Pointed observations on an ancient sport
By the Sword
A History of Gladiators, Musketeers, Samurai, Swashbucklers, and Olympic Champions
Random House: 520 pages, $29.95
Richard Cohen writes of fencing that “of all sports arguably the most romantic, it also most closely simulates the act of armed manslaughter.” A five-time national saber champion in Britain and member of the British team in four Olympics, Cohen hangs on this observation an exhaustive book on the history of swords and swordsmanship.
Fencers and other sword fanciers will be engrossed by the details of “By the Sword: A History of Gladiators, Musketeers, Samurai, Swashbucklers, and Olympic Champions.” Others will discover in it a more ambiguous picture of life, in which death and the ways to inflict it become entwined with personal honor, technological improvements and, yes, elegance and beauty.
Much as Patrick O’Brian, in his novels about the royal navy in the Napoleonic Wars, revived the seafaring past of the English tongue, Cohen reminds us that it is easy to find vestiges of swordsmanship in modern society and that it is common in all modern languages to find metaphors and aphorisms for thrusting, cutting and slashing.
“We shake hands,” he writes, “to show that we are not reaching for our swords; a gentleman offers a lady his right arm because at one time his sword was at his left hip; a man’s coat buttons left over right, so that a duelist might unbutton it with his left, unarmed hand. The two main parties in the House of Commons are separated by the precise length of two sword blades; and each MP’s locker still contains a loop of silk on which to hang up his sword. Kamikaze pilots took their samurai swords with them into their cockpits.”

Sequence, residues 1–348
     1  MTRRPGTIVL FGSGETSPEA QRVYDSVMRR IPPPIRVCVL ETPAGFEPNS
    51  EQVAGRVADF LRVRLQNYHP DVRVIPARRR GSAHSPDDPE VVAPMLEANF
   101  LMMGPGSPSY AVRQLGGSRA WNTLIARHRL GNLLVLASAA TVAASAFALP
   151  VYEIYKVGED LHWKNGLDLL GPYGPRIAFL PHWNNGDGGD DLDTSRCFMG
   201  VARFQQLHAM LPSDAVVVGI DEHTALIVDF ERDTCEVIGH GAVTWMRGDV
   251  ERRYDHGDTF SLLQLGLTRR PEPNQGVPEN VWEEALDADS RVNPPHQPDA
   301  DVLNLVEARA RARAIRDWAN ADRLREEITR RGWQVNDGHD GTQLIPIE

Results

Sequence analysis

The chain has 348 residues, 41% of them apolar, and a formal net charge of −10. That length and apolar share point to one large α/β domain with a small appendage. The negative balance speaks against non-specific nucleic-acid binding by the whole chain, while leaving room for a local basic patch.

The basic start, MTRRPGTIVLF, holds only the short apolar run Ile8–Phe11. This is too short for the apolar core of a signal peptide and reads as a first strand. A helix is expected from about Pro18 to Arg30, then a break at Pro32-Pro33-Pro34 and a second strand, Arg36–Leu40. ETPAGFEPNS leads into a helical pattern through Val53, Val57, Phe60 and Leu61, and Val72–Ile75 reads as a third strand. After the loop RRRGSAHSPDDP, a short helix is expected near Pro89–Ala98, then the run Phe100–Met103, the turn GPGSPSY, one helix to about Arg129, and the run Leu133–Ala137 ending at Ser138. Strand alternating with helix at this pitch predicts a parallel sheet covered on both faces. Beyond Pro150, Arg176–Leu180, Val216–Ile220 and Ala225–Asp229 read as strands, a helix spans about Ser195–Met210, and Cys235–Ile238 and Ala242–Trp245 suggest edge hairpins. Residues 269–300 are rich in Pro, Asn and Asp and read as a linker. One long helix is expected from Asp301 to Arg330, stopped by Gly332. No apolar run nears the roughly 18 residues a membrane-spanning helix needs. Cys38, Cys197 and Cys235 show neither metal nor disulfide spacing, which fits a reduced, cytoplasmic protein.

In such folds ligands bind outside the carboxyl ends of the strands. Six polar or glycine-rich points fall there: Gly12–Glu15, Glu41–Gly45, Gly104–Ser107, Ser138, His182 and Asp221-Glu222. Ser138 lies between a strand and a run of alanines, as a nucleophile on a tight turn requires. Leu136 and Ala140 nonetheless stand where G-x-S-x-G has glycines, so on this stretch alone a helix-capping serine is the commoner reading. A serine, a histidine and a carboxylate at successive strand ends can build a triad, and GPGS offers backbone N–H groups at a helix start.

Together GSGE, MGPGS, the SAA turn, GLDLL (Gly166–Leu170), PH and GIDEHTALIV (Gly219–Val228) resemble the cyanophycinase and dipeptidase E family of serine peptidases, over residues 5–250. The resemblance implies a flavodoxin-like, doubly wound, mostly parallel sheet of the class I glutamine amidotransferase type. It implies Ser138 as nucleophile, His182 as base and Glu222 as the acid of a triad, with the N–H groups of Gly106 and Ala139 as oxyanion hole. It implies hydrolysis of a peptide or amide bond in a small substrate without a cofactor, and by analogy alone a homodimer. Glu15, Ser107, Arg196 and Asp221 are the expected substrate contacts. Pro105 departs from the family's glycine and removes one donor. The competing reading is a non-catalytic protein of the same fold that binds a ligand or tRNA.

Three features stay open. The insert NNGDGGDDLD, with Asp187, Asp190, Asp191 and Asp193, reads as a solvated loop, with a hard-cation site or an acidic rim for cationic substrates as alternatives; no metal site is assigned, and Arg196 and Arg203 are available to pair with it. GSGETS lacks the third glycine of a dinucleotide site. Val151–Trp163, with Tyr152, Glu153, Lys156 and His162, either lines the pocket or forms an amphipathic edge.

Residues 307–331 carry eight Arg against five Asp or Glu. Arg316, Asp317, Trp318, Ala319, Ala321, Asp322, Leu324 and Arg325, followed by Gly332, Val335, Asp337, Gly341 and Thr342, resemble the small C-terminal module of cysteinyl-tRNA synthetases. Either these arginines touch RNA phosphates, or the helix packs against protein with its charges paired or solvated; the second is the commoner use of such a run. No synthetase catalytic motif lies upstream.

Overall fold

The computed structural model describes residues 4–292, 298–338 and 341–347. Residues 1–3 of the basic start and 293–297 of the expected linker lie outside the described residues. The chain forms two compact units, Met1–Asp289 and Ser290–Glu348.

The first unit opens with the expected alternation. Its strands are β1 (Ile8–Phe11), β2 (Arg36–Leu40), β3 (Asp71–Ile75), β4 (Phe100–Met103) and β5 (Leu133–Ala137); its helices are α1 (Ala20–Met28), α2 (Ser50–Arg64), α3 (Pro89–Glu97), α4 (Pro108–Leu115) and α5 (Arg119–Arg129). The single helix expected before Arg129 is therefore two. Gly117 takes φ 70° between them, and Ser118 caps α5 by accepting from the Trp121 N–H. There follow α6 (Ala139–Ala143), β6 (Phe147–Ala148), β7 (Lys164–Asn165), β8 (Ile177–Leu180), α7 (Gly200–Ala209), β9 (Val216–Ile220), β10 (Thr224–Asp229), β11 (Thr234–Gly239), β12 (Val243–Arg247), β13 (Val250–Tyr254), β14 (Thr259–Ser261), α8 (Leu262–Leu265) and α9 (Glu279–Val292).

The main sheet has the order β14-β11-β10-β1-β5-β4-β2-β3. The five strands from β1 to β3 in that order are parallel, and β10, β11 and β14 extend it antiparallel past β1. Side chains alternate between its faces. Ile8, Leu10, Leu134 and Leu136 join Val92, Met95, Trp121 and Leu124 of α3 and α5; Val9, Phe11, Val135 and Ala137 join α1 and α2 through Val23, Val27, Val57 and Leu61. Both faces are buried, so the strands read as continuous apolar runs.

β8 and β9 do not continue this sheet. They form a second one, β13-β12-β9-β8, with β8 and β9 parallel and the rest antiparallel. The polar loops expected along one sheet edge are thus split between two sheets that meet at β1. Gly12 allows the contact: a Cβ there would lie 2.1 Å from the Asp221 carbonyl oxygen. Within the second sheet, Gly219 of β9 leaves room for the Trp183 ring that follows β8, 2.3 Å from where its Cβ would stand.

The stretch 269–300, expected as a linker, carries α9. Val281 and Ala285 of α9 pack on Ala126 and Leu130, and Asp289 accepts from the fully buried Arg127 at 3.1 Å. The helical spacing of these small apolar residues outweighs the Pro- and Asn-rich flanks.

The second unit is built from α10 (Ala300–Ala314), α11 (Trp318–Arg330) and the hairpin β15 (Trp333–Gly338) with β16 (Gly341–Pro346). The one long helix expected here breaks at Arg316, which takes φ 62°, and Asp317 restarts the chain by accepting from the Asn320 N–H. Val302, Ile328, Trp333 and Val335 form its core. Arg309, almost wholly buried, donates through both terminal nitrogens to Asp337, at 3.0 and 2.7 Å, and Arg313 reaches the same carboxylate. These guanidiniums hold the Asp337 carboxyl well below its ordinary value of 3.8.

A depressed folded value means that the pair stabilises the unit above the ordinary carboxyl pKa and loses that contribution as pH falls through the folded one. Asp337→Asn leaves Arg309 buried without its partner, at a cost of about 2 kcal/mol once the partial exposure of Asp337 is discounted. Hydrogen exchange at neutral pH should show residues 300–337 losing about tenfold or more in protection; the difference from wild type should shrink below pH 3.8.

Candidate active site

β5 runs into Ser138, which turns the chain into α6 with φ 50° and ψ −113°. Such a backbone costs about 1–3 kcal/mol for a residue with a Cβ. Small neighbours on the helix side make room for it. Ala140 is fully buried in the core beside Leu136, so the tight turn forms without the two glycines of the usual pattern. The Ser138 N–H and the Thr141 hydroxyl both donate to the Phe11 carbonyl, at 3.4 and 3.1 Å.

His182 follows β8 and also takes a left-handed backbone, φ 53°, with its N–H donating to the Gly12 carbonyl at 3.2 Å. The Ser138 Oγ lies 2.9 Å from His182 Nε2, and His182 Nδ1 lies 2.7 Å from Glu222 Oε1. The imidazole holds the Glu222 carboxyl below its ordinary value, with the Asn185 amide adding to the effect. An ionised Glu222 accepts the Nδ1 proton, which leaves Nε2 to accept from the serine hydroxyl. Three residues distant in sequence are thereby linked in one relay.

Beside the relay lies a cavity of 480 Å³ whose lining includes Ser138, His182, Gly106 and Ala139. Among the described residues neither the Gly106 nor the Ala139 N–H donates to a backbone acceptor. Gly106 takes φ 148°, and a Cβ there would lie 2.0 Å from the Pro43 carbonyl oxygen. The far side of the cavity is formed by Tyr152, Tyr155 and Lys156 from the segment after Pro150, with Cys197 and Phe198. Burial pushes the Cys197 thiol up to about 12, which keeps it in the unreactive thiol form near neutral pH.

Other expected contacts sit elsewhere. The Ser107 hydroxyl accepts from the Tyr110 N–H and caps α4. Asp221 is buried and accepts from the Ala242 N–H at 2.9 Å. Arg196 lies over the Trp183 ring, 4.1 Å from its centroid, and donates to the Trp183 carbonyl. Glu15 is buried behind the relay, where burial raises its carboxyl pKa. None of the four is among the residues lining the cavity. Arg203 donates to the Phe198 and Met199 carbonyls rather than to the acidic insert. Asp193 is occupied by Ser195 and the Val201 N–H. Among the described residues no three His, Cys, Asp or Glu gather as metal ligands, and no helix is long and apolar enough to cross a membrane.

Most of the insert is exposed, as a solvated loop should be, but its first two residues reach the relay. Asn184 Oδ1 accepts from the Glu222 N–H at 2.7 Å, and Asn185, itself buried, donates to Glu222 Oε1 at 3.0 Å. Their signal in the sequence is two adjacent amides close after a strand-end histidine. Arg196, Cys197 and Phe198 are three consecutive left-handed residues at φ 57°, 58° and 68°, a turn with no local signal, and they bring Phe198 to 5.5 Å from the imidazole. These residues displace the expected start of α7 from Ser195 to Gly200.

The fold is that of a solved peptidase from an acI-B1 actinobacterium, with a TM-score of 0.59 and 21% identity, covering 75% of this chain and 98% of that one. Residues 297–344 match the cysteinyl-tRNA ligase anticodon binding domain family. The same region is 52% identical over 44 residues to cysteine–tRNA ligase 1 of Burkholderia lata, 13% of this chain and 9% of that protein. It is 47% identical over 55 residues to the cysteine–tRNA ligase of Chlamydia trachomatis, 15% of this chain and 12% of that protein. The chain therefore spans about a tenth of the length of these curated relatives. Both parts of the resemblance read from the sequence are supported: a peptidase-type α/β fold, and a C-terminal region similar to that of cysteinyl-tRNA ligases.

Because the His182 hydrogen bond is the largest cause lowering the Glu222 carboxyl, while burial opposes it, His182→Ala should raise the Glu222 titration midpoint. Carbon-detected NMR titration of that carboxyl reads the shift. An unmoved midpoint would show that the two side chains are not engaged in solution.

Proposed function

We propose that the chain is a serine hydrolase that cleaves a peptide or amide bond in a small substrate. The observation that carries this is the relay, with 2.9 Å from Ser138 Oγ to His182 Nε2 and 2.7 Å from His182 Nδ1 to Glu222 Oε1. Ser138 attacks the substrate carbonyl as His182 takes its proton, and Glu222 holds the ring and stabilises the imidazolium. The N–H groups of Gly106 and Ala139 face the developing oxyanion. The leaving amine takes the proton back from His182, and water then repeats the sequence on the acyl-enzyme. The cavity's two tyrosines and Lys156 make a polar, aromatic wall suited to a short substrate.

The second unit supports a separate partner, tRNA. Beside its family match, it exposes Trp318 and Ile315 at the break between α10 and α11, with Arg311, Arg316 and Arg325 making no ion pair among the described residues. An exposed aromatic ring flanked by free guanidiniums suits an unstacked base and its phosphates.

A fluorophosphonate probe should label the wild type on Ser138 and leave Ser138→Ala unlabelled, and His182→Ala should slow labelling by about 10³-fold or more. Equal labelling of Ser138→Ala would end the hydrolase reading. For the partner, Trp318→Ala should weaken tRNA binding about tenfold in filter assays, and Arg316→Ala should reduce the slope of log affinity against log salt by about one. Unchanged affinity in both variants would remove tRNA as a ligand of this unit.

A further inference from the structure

Cohen surveys the history of metallurgy and swords around the world. He quotes R. Ewart Oakeshott, an authority on early arms, as believing that swords first appeared between 1500 and 1100 BC in Minoan Crete and Celtic Britain. The earliest known depiction of fencing is in a temple built around 1190 BC near Luxor in upper Egypt by Ramses III. The Chinese, Japanese, Persians, Babylonians and Romans sometimes fenced as a pastime, but fencing was mostly used by soldiers in combat. Ancient Hindu legend recounts that the god Brahma taught his priest-warriors martial exercise with the sword.
By the European Middle Ages, the sword had become the symbol of dominion and kingship. And even as the longbow and then gunpowder pushed the sword from center stage in combat, it took on in Europe a new aura of personal skill and manliness. Here began the romance, if that is what it truly is, of fencing and swordsmanship that persists to this day. And began too the custom -- or rather the fashion -- of dueling.
Cohen is good on how dueling came about, but short on the why. It seems to have been an expression of individuality as, in the 18th and 19th centuries, societies moved from emphasis on hierarchy to that of the individual (and the exquisite as well as, perhaps, absurd cultivation of personal points of honor). Dueling was intimately related to the Romantic movement in art, music and sensibility.
In cinema, fencing had become fun and games. Cohen has a lively section on fencing in films. He writes that Alexandre Dumas, author of “The Three Musketeers,” “did more to popularize swordfighting than anyone in history -- because so many people read him and because he created the archetypes who would reign again in cinema.”
Hollywood had its fencing masters too. Cohen thinks the best fencing actors were Douglas Fairbanks Sr. and Errol Flynn, because they did it themselves.
Cohen quotes from a letter to him from Nicolo Perno, who coached both the Italian and German national teams in the fascist years: “The fencing strip has always seemed to me a metaphor for life itself: he who knows how to move on it, how to overcome a rival by honest means, has really discovered how life itself must be.” Many fencers have said similar things of the sport, and readers of “By the Sword” are entitled to wonder which element, romance or combat, outweighs the other.